A shift in approach by creditors and financiers, compounded by market forces and emerging businesses, has caused the Georgetown-based Nigel’s Supermarket to significantly scale down its operations.
However, proprietor Nigel Johnson says he will do all in his power to return the business to its former glory as one of the country’s leading supermarkets. “The answer is no, we are not closing. We are in this for the long haul,” Johnson told Stabroek News, when asked if he was closing down the supermarket.
“It is a very competitive environment and as of late has been very challenging with lots of dynamics, but I want my customers to know that I try every possible option available to keep the business and with their help and the grace of God, we will get back and even better than what we were,” he added.
In an interview with Stabroek News, Johnson was asked about plans for the supermarket after numerous concerns were raised by his customers about the “almost ghostly” appearance of the supermarket as many shelves were bare. The freezer section where meat and fish are sold is no longer there.
Johnson explained that he has been facing some challenges stemming mostly from his creditors having scaled back the amounts they previously extended to him and current outstanding debts. This in turn has had a trickledown effect on his business, since for him, “less products means less profit, which in turn leads to cuts in staff, etcetera.”
He underscored the importance of him sustaining the business, particularly given its standing as one of the few Afro-Guyanese owned supermarkets and how hard he laboured over the years to see its establishment.
Against this background, he said that he made a calculated decision to undertake a restructuring of the business, which will see him selling off some of his other assets, such as properties, to ensure that he services his loans and pays off outstanding debt to his creditors.
Simultaneously, he is exploring other business proposals, such as going into partnership with an investor.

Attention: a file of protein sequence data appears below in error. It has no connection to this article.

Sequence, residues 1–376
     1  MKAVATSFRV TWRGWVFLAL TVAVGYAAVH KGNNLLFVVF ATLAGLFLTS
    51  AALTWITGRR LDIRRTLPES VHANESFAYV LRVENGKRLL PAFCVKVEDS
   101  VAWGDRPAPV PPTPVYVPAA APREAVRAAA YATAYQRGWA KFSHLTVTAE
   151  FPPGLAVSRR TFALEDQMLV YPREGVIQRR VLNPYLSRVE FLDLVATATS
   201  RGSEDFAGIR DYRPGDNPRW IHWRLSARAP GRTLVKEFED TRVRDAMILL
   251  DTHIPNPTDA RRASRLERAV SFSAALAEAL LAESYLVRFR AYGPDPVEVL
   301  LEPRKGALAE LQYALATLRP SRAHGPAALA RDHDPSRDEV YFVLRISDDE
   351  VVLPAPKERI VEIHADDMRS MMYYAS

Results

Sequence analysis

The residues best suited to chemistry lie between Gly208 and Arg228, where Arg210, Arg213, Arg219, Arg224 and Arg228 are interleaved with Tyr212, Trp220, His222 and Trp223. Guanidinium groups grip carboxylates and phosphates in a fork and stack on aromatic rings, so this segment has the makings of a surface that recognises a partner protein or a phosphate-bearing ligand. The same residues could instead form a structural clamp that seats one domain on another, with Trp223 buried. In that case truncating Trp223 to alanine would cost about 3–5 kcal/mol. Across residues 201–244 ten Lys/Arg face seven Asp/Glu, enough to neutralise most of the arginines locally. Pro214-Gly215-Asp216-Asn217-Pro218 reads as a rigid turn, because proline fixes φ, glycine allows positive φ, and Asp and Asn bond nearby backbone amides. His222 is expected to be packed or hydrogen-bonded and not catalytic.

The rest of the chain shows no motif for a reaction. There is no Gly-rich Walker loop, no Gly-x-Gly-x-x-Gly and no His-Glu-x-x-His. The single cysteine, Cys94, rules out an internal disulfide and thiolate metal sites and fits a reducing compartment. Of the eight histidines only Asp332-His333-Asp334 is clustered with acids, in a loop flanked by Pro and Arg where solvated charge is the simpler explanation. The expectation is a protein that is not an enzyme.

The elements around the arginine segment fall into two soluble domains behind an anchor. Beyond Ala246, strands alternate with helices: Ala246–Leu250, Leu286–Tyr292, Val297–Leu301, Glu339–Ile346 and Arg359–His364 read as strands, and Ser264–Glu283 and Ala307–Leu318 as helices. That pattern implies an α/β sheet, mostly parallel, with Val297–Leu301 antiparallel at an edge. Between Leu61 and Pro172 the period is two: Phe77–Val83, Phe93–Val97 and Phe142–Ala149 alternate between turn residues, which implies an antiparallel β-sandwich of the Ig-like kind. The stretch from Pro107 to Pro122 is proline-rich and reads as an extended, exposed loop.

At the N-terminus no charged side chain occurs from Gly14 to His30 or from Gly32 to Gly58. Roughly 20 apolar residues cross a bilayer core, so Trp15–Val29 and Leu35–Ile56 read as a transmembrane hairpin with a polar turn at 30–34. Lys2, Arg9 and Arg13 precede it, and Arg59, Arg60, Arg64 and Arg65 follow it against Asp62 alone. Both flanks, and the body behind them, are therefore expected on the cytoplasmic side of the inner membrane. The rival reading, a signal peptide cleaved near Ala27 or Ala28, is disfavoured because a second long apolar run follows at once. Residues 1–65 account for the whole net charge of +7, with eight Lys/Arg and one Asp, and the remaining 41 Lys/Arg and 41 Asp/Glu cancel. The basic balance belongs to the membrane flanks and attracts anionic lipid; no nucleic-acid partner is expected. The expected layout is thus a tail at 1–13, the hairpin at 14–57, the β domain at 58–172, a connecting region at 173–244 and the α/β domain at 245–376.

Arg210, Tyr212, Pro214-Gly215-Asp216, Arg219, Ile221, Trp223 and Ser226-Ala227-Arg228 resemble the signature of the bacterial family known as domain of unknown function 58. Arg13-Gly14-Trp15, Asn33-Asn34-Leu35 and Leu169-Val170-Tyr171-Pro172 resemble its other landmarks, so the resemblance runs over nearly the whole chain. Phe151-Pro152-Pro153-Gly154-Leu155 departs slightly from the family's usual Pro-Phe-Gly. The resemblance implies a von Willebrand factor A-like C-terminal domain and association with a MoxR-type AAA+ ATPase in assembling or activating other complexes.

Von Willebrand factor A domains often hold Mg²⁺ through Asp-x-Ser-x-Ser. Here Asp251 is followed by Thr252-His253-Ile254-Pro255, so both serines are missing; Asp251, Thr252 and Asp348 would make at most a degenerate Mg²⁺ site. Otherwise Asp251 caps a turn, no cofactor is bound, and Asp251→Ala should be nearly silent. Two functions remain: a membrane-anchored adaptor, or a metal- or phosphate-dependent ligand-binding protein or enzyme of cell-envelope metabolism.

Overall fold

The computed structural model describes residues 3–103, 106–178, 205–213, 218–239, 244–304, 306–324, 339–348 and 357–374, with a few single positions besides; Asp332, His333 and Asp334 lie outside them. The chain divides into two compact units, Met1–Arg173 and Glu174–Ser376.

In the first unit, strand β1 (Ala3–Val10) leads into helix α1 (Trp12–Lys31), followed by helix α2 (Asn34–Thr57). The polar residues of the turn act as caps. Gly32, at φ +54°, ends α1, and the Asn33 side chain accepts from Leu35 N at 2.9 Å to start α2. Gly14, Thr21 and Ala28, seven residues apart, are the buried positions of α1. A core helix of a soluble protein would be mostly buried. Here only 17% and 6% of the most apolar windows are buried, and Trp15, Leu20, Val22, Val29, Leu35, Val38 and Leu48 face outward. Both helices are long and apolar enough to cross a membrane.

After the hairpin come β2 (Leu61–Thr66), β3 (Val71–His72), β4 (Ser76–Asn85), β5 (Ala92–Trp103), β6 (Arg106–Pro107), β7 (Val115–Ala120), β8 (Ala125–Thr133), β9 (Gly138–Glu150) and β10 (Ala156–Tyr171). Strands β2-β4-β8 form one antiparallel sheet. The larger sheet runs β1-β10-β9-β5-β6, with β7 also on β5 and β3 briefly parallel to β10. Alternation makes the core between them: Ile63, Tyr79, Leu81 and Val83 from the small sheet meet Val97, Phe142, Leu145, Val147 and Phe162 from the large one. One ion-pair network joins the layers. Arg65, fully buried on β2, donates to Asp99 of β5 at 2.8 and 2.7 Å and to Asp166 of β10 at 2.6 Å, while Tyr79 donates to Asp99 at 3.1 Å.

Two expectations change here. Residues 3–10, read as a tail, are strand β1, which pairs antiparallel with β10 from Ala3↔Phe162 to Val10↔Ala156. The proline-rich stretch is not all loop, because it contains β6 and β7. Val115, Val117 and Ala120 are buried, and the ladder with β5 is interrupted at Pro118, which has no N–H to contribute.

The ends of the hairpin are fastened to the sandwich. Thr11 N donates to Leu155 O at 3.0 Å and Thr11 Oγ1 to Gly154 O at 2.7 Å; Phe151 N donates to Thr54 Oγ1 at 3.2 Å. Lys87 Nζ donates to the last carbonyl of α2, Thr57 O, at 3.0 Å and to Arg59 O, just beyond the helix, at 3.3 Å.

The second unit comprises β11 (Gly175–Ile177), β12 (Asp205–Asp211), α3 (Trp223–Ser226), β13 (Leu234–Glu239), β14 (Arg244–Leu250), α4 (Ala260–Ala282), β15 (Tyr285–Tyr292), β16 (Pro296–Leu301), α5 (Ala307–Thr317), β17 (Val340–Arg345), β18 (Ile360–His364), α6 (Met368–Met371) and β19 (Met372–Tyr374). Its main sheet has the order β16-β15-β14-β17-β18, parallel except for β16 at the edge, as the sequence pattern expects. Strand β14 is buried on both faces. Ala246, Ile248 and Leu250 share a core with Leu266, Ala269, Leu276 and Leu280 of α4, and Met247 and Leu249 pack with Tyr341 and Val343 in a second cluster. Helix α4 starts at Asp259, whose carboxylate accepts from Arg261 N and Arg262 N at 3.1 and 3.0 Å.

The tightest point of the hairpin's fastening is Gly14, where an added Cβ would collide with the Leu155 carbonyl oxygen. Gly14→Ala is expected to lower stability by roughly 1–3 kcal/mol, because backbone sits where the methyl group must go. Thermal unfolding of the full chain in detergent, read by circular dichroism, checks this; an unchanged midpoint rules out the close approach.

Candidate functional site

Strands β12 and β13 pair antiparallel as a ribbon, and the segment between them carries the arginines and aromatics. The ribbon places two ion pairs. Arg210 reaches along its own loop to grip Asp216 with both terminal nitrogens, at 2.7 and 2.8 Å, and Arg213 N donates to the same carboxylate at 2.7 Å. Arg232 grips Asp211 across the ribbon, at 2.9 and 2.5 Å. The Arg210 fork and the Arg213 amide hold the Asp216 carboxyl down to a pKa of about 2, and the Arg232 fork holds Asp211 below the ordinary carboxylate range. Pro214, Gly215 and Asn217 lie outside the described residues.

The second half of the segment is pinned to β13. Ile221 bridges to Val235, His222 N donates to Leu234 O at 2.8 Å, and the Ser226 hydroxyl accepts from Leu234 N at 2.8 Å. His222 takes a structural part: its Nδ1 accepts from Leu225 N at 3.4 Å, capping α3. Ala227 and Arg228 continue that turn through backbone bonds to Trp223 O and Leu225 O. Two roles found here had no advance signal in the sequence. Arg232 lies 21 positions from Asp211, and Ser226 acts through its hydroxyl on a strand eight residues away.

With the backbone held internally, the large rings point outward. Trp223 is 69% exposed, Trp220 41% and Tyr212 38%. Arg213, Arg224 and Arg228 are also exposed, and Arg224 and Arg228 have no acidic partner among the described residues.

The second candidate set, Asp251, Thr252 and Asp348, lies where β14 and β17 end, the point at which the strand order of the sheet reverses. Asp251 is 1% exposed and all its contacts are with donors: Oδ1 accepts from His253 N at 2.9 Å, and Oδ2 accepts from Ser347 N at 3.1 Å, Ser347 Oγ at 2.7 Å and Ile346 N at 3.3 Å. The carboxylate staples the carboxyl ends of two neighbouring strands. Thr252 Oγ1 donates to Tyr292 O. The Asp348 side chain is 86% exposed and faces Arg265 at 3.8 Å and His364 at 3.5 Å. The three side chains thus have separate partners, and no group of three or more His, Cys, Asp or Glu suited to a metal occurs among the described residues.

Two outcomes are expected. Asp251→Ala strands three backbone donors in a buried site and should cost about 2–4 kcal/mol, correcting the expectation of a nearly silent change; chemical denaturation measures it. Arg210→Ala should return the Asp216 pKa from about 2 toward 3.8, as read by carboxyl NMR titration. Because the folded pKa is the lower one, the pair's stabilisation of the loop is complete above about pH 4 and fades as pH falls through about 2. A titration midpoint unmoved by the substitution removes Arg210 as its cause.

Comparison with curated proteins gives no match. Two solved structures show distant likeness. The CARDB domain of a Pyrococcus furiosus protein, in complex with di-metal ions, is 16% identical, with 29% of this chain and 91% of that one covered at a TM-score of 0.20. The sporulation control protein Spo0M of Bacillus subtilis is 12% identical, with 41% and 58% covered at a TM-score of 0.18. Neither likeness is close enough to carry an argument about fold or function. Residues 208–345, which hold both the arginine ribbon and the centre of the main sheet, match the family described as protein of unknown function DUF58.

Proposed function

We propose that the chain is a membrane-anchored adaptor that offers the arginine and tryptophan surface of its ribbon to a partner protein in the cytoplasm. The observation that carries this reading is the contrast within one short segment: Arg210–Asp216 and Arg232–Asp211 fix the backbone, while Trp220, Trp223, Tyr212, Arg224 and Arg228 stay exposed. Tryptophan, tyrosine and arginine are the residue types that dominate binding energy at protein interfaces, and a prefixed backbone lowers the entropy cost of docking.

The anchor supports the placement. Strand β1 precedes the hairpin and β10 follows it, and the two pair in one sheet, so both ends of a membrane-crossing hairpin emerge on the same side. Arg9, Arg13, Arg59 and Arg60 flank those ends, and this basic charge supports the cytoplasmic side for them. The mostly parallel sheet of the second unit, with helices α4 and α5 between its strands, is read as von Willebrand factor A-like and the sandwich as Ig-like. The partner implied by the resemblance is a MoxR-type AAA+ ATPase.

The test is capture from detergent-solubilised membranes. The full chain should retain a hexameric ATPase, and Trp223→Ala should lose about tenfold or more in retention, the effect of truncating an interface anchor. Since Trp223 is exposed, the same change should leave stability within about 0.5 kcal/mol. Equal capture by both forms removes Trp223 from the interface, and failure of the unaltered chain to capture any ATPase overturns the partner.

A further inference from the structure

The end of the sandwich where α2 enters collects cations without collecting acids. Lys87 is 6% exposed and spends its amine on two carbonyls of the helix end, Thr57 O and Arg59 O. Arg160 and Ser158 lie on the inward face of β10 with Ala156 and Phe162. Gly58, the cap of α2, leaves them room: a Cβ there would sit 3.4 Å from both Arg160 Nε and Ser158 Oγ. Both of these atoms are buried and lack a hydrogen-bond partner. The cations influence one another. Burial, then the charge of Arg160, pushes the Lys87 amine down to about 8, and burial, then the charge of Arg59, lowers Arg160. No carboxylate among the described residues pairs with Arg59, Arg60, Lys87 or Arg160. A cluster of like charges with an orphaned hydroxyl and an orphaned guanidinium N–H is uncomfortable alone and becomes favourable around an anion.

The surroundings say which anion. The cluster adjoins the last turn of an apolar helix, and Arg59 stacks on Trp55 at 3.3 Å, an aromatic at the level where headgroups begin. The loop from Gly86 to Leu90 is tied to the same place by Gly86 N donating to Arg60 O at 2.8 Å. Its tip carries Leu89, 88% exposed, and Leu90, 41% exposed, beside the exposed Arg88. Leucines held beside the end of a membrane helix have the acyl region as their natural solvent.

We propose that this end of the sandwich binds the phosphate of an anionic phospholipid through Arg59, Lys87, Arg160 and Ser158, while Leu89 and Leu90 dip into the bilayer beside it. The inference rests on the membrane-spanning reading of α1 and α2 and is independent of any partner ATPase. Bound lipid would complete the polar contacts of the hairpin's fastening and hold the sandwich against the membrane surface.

Johnson said that while has also seen many proposals for him to sell the supermarket to both local and foreign businesspersons, he is determined to make the supermarket work and, for now, selling is not an option.
He said he hopes to emerge from the restructuring with a new vision for the supermarket and more than likely a partnership will chart the course ahead.
There are still creditors that have stuck with him and believe that he will be able to successfully resuscitate the supermarket and it is for this reason that the many shelves are still stocked, albeit with a limited variety of things.
As the busy Christmas season approaches, Johnson, who rose from selling in a small stall at Bourda Market, is asking his loyal customers to have faith in him and continue their purchases, however small. “We will be opened for business every day and you know as the Christmas season approaches I am taking it one day at a time. I want our customers to know how appreciative I am of their loyal services through the years and I am so sorry that we are not able to meet their needs as they are accustomed,” he said.
“I cannot say enough how thankful I am for my customers’ loyalty and while I don’t have the full complement, rest assured that with God’s help, I will do whatever it takes to bring back to my customers what they want. I am asking them to please bear with me and please keep shopping whatever we have, it means so much….We remain true to our motto ‘Always willing to serve,’” he added.
Nigel’s Supermarket set the standard in local supermarkets here when the establishment opened over two decades ago. The store offered services such as dedicated customer parking, loyalty reward points, every day discounts for seniors and public servants and tele-shopping and home delivery.
The supermarket has been a longtime sponsor of many sporting tournaments, especially in tennis and has made significant philanthropic donations throughout the country since its emergence.
The freezer section that held meats and fish has been removed